The Weimaraner is an elegant companion with a lust for life, love and exercise.
By: Jilea Carney
I like to have a strong bond with my companion.
The Weimaraner was originally bred for hunting in Germany in the early 19th century. They were large game hunters favoured by royalty and their prey was bear, boar and deer. Later, they were used to hunt fowl, rabbits and foxes as the popularity of large game hunting declined.
They were named for a Grand Duke Karl August, who enjoyed hunting and whose court was in the city of Weimar.
Today, they are a family dog, living inside as a member of the family. This resulted in a dog which does not do well living outside and suffers badly from separation anxiety if left alone for long periods. The modern Weimaraner is an excellent dog for agility.
Weimaraners are happy, active dogs that are athletic, graceful, intelligent and highly trainable.
They have high energy level and their endurance means they often need training to learn patience and self-control. However, their willingness to please their owners makes training a pleasure.
A well-trained Weimaraner will be a strongly-bonded, extremely close companion but needs early, consistent and kind training to become a controllable pet. Because they bond so strongly with their human companions, Weimaraners are excellent watchdogs.
Some Weimaraners may not tolerate living with cats or smaller dogs. Their strong prey instinct means they need strict supervision around cattle, sheep or goats. If feeling threatened they can be initially wary of other dogs and need good socialisation at an early age.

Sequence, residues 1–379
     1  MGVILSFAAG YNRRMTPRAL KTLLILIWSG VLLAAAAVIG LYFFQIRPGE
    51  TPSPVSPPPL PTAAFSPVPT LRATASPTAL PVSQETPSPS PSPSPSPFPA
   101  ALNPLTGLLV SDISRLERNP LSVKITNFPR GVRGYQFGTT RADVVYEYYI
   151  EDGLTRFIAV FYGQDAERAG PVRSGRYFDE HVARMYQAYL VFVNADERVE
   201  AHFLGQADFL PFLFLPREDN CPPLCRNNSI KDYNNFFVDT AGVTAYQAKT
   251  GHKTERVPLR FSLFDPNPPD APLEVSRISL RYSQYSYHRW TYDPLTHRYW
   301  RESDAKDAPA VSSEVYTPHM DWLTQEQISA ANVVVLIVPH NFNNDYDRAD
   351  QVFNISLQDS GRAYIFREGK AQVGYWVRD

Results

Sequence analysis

Neglect of this breed’s mental and physical stimulation will create boredom, which can lead to excessive barking, hyperactivity and destructive behaviour.
The Weimaraner has a low-maintenance, care-free coat with no undercoat. While this means minimal brushing, it also means the dog can suffer from cold quite easily and should not be kennelled outside.
From early adolescence, a Weimaraner needs a lot of exercise as it was bred for the physical stamina needed to chase and hunt. They will not be satisfied with a walk on a leash once a day – a good run in a secure, off leash area will help to tire them out.
Like all dogs, Weimaraners require regular tick, flea, intestinal worms and heartworm treatments. Consult your veterinarian on treatment options. Desexing and vaccination against diseases, such as the deadly parvo virus and highly infectious canine cough, are also important to discuss with your vet.
Weimaraners are wonderful playmates for older children, but need supervision with younger kids as they can get knocked over due to the dogs’ size and energy level.
The Weimaraner needs a confident owner who can persevere with training and socialisation. It is not a dog for an apartment due to their high exercise needs. A large, escape-proof fenced yard is a must!
Breed classification Gundog. Size Medium to large. Origin Germany. Lifespan 12-15 years. Colours Silver grey and mouse grey. Cost $1000-$1500. Common hereditary problem Gastric torsion and entropion.
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